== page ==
The large automotive groups continue to weather the storms caused by the shortage of semiconductors, the paralysis of cities in China and the war in Ukraine. In the case of Stellantis, at the end of the first quarter it reached a turnover of 41,500 million euros, 12% more than a year ago.
Last year was also the first that the consortium, the result of the merger of the PSA and FCA groups, declared as the new entity. This increase in turnover came from “a disciplined pricing policy, a favorable demand for the mix of products and favorable effects on foreign exchange,” said its financial director, Richard Palmer.
Stellantis thus joins the trend of large manufacturers improving their economic data
despite having fewer deliveries of vehicles, 12% less, specifically.
The consortium only provides information on deliveries in quarters 1 and 3, and on economic results at the end of the semesters.
For Palmer, the boom in revenue, despite the decline in deliveries “augurs very favorable operating margins” towards the end of the exercise. The company estimates that the supply of semiconductors will gradually improve this year and even more so in 2023.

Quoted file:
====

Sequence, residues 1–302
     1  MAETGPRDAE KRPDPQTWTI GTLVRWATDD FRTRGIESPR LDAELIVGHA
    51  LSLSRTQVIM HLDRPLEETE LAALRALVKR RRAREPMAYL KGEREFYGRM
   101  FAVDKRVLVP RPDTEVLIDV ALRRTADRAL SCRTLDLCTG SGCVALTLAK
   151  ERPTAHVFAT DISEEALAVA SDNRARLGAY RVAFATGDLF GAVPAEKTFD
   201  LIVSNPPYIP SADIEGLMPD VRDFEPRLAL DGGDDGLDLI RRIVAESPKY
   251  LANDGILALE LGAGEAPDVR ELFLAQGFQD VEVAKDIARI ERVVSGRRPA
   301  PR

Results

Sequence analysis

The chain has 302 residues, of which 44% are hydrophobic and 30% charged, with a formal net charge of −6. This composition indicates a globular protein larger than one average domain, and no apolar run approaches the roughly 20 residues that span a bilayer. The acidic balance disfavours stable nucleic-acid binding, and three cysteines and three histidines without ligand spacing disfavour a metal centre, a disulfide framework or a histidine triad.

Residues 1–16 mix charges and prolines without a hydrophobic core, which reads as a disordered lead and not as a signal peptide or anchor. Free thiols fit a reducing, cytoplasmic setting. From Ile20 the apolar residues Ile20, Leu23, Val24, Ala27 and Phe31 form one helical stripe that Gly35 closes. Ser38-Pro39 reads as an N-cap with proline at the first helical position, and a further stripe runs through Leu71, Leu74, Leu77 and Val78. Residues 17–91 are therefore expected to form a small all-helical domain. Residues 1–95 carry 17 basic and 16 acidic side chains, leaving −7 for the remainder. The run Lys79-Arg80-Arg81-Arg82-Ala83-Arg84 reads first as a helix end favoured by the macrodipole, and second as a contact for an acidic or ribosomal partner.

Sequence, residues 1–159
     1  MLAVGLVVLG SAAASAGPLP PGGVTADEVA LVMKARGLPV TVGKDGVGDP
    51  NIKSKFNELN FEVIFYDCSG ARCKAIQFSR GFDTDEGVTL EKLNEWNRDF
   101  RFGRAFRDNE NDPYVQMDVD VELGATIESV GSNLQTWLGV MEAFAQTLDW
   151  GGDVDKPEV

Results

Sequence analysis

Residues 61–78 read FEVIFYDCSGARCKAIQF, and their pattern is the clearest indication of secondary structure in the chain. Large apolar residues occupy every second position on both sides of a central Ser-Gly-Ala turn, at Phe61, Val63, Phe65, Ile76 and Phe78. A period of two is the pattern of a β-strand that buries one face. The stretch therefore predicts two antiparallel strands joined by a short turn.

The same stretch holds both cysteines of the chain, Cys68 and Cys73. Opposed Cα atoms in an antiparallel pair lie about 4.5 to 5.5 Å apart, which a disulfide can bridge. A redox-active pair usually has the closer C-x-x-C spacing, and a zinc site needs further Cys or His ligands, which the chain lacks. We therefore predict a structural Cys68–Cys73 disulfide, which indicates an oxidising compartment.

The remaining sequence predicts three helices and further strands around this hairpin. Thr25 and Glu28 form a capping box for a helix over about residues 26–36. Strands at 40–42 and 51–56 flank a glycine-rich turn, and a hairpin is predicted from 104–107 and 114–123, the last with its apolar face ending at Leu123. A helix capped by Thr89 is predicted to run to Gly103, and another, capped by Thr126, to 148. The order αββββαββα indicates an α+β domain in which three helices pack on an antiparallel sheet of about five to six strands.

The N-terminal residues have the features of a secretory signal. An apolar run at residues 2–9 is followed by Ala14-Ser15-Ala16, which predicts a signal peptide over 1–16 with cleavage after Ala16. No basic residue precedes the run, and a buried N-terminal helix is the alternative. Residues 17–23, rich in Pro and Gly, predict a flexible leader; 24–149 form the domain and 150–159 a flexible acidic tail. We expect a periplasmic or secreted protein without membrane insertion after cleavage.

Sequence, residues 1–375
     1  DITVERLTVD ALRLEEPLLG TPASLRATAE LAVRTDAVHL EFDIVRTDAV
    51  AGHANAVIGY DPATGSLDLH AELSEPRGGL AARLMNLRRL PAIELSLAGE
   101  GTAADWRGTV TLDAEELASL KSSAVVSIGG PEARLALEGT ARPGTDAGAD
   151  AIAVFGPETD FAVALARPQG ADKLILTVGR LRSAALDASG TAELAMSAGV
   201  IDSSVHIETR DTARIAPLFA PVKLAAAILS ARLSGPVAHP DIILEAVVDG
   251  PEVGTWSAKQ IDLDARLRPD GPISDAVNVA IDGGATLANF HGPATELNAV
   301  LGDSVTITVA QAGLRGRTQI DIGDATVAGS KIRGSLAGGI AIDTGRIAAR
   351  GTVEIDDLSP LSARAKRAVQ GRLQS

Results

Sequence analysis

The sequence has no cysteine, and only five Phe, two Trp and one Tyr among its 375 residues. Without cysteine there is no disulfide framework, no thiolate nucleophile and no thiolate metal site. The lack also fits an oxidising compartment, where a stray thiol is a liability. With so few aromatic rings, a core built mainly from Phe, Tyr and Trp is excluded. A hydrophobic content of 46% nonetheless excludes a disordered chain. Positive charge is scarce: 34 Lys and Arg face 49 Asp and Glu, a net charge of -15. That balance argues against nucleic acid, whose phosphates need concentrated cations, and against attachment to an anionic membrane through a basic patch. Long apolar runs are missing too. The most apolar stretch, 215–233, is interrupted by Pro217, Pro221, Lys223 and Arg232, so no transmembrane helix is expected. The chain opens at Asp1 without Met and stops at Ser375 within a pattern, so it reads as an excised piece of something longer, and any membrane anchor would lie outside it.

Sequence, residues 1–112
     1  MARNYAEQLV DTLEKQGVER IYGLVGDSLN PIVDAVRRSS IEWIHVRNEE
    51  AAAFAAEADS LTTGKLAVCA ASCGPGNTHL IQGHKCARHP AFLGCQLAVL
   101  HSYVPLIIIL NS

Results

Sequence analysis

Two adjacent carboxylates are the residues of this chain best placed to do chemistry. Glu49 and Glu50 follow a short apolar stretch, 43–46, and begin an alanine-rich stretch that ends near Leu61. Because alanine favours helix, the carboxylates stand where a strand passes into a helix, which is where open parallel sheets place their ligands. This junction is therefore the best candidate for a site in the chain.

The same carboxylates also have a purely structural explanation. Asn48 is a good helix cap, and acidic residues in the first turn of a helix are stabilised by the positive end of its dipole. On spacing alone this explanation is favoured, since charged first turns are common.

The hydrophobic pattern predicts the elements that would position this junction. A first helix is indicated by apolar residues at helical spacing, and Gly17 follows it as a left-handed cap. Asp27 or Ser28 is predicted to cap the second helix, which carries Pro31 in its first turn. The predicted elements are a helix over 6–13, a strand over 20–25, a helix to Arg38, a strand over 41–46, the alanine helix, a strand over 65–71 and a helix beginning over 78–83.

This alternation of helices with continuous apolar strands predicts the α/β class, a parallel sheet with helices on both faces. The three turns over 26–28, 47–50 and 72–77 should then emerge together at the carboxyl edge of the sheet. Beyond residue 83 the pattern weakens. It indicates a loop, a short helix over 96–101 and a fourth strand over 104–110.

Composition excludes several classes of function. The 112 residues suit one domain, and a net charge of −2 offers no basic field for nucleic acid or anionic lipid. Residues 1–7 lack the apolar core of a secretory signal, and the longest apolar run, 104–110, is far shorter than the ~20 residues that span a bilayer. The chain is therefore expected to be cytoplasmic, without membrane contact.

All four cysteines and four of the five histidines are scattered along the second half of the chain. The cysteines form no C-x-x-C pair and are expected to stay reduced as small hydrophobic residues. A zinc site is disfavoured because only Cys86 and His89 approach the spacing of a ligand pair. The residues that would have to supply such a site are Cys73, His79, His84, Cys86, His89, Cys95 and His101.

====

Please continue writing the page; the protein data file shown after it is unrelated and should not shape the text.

By region, Europe, its largest market by volume, saw its sales fall by 24% to 622,000 units, with undelivered orders “increasing significantly.” Turnover fell by 9% to 14.6 billion euros.
In North America, the opposite occurred, with turnover increasing by 30% to 20.7 billion euros and 480,000 units sold (+6%). In this market, the introduction of the Jeep Wagoneer and Grand Wagoneer, models with high margins and high demand, was especially notable.
Sales of electric models, a key aspect of its Dare Forward 2030 strategic plan, increased by 50% to 66,000 units. Another necessary element to continue in its spirit of electrification is the creation of battery factories, with the intention of reaching an annual capacity of 400 GWh.
The most recent of these has been the ‘joint venture’ with LG Chem in Canada, which it has planned a capacity of 45 GWh per year when it is operational. In Europe, the construction of the battery plant in a former Fiat factory in Termoli (Italy) has already started.
Looking ahead to the end of the year, Stellantis has lowered forecasts for North America and Europe, calling them “stable” and “2% decrease” respectively, instead of a 3% increase as originally estimated. The operating margin will be “double digits” and the industrial cash flow, “positive”.